COVID-19 has dominated our lives for over a year. The recent development of the COVID-19 vaccines has given us hope of returning to a normal life, but this tricky virus has also been adapting. Though we have seen many new mutations of the original virus, the Delta Variant has been making top news and leaving us with a number of pressing questions. We asked the American Lung Association’s Chief Medical Officer, Dr. Albert Rizzo, to speak with us about this important topic.

Q: Can you explain what variants are, particularly the Delta variant?

The coronavirus tends to have a high mutation rate and that is why we keep seeing a changing genomic signal of the virus in the population. The genomic signal is what the CDC monitors and these tests are done throughout the country to monitor the variant that is most prevalent.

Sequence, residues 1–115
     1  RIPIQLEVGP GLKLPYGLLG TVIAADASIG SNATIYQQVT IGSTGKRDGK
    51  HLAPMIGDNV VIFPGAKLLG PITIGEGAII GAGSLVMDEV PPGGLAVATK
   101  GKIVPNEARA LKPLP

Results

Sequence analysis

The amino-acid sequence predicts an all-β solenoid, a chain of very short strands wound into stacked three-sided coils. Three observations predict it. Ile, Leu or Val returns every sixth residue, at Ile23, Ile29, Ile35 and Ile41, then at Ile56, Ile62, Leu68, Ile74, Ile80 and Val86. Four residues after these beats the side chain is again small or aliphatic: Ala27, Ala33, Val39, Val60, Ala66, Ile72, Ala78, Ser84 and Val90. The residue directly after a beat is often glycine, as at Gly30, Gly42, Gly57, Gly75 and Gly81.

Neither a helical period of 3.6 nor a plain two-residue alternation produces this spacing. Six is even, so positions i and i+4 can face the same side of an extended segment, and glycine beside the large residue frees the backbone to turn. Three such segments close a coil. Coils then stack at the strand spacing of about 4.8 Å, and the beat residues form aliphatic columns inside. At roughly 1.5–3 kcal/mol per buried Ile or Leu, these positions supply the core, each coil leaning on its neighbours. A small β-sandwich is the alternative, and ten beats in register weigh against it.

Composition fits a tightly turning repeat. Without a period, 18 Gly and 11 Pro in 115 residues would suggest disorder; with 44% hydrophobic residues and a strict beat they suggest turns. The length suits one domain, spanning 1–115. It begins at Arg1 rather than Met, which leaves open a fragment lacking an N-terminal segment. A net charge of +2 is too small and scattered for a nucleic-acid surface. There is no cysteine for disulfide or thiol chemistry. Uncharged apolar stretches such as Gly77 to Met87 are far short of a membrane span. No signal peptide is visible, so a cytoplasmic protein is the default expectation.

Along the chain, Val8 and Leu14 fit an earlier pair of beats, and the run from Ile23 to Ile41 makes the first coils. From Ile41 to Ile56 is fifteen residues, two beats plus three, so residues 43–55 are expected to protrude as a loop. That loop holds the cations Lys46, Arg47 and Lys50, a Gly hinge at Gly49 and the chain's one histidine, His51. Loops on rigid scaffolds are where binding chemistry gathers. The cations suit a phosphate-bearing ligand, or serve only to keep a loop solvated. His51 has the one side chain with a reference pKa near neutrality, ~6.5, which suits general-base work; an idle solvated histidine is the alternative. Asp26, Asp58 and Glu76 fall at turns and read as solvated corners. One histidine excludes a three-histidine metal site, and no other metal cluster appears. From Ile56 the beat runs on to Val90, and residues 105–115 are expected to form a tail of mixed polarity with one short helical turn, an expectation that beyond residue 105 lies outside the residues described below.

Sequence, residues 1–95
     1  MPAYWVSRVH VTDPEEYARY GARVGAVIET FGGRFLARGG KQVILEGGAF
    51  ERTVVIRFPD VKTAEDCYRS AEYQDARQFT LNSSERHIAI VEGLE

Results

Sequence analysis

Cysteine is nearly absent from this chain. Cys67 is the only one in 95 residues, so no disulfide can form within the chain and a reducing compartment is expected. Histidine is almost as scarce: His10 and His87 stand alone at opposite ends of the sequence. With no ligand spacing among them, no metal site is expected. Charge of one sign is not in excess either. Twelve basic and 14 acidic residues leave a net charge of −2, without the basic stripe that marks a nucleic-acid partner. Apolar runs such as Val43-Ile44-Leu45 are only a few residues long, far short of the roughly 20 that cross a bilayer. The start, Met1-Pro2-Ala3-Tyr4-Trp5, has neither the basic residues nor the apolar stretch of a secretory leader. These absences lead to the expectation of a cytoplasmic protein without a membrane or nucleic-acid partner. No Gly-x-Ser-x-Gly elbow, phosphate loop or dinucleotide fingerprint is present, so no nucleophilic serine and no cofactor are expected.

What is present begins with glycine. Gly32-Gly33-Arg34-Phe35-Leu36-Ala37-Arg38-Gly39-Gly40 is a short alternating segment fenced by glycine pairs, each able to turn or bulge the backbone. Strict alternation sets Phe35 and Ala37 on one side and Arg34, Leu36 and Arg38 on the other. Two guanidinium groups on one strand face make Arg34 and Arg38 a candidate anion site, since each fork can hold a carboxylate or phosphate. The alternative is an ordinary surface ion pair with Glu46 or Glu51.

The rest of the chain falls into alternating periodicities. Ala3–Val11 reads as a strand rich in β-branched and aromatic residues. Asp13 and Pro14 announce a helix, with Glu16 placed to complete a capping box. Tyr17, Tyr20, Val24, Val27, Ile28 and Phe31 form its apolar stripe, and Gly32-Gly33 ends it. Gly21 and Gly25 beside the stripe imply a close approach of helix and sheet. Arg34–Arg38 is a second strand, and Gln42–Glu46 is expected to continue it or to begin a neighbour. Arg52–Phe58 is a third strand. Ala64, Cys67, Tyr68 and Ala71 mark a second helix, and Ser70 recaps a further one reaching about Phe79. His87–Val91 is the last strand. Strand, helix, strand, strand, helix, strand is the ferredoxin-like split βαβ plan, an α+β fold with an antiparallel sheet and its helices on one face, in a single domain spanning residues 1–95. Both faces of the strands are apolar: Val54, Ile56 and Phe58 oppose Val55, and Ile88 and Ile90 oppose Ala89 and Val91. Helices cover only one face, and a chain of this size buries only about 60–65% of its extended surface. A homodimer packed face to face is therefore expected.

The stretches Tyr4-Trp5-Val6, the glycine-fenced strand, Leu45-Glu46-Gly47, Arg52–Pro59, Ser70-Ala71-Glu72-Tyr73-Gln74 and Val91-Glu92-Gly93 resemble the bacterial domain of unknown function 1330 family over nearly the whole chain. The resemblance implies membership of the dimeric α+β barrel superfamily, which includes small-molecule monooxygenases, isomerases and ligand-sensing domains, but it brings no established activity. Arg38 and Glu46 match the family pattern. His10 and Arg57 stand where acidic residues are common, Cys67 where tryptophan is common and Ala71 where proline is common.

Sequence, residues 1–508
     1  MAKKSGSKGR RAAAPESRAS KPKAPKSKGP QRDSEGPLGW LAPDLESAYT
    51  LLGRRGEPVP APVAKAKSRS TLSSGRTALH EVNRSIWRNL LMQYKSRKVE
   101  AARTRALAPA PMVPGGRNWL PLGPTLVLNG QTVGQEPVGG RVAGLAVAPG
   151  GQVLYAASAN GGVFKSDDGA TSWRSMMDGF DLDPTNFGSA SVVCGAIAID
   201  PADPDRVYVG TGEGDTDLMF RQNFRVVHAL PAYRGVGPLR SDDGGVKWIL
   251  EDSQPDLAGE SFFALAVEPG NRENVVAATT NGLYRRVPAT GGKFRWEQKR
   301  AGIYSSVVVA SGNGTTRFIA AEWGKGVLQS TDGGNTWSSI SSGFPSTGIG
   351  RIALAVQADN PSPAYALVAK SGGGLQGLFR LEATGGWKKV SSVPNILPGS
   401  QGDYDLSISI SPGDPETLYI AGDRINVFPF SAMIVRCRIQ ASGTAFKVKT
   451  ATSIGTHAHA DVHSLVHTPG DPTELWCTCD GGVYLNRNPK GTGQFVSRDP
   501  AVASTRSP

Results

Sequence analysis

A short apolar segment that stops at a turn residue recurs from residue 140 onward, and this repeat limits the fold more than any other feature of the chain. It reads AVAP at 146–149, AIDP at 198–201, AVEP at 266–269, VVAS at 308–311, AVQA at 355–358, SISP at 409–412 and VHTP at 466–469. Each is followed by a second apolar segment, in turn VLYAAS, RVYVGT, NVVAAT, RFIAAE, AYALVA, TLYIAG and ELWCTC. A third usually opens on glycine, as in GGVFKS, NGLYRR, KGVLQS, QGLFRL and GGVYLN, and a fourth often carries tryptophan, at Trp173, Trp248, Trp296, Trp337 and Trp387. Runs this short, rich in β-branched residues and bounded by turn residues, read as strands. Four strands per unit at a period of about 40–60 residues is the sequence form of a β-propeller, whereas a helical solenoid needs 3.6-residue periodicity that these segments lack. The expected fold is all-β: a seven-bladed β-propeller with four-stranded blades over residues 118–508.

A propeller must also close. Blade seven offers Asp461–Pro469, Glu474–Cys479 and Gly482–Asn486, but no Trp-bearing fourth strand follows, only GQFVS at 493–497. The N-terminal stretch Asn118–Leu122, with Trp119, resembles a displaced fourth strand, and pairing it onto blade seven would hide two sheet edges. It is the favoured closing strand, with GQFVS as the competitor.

The CDC tracks multiple variants circulating in the United States and provides an estimate of how common they are at the national and regional levels. This data can change over time as more information becomes available.

There are hundreds of mutations if not more. The variants of interest or concern per the CDC were named, originally by their site where first identified such as the U.K. variant, the Brazil variant and so on. Now names are given in order of discovery using the Greek alphabet so alpha, then beta and so on. There is also a coding system used to identify each variant—B.1.1.7 is known as the Alpha variant.

The Delta variant is currently of most concern. However, the latest variant to be highlighted by the World Health Organization is called Lambda, and now been found in at least 27 different countries. It is not yet listed as a ‘variant of concern’, rather a ‘variant of interest’ by the WHO, meaning it has been identified as causing transmission or detected in multiple countries.